Beefed Up Security in Schools Shows the Effects of Sandy Hook Remain Fresh
As school gets back in session over the next couple of weeks, the conversation about school safety and security is naturally coming up again. In a time when parents and families are more conscious about the possible dangerous and harmful crimes, schools and cities are trying to adapt in different ways. While there is no surefire way to stop a school shooting or crime from occurring, there have been a couple of different approaches. In continuing our coverage of school security this week, I wanted to showcase some of the measures being taken across the country.
States allowing certain personnel to carry firearms/weapons on school grounds: Connecticut, Indiana, Tennessee, Alabama, Georgia, Oklahoma, Texas, Colorado, Utah, and South Dakota. This is arguably the most extreme measure, as it actually brings guns into the buildings in the hopes to prevent someone from causing too much harm. I think it is tough to really say this is the best measure because it tries to prevent violence with violence, but we won’t know how effective it is until the measure gets called upon.
States allowing the addition of school police, security officers, resource officers or volunteers: Connecticut, Pennsylvania, Indiana, Alabama, Mississippi, Texas, Colorado, and South Dakota. While the presence of security guards and police officers certainly makes a school seem more secure, that doesn’t necessarily prevent anyone from taking action. Psychologists have also questioned the effect these guards have on the minds of students. Living in constant fear may be a hard way to learn, and the guards serve as a reminder.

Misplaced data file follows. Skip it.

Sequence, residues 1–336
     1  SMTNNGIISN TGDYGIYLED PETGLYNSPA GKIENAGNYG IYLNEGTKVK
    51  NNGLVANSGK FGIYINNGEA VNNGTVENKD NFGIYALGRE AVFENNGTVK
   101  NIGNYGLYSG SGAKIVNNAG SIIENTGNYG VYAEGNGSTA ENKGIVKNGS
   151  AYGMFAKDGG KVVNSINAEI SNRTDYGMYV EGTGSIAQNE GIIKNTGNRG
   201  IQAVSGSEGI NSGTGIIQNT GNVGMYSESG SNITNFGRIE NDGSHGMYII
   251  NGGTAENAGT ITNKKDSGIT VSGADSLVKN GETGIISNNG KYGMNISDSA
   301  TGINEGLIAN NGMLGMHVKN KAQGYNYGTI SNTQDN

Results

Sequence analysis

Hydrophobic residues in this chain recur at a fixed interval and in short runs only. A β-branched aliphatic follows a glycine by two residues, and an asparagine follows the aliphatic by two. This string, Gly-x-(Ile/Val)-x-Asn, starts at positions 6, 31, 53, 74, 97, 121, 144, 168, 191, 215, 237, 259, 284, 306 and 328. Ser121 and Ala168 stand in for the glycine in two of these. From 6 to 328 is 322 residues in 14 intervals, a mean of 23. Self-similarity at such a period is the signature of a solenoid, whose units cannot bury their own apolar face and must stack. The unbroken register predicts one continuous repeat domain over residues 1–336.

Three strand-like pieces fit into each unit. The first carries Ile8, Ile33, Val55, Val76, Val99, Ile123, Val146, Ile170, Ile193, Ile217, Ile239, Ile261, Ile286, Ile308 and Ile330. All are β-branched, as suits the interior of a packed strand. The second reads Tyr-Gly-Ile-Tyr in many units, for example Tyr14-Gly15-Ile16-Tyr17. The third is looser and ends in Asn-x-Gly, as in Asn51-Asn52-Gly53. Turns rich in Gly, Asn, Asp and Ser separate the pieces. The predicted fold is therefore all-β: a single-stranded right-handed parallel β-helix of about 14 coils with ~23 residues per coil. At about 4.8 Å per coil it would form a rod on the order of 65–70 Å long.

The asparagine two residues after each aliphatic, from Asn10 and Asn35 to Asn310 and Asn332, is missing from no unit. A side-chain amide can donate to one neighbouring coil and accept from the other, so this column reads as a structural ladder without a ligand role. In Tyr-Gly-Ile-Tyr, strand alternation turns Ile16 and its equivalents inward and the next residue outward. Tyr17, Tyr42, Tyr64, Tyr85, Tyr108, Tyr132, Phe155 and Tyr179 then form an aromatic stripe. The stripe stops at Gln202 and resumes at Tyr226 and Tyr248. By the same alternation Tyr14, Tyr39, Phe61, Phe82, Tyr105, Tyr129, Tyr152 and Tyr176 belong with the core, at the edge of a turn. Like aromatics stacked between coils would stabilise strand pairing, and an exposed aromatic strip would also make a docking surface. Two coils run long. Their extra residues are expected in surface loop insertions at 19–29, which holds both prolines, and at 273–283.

Changing/expanding emergency preparedness drills: Virginia, Kentucky, Tennessee, Alabama, Michigan, Illinois, Arkansas, Louisiana, Oklahoma, Montana, and Oregon. It comes as a surprise to me that more states haven’t done this, as the drills seem like a cost-effective way to become better prepared. Not only do you not have to buy any new tech or equipment, but you can also help communicated ideas and practices to students related to school safety more frequently.
State-funded school safety centers or related entities: Maryland, Pennsylvania, Virginia, Indiana, Nebraska, Colorado, and Texas. It is hard for me to really quantify the work these centers do because they each try and attain different goals. Ideally every state would have some federal funding to help develop these centers, but it looks as if the schools themselves must shoulder the burden of budgeting minimal funds for these types of projects.
Posted by Matt Holden on Aug 27, 2014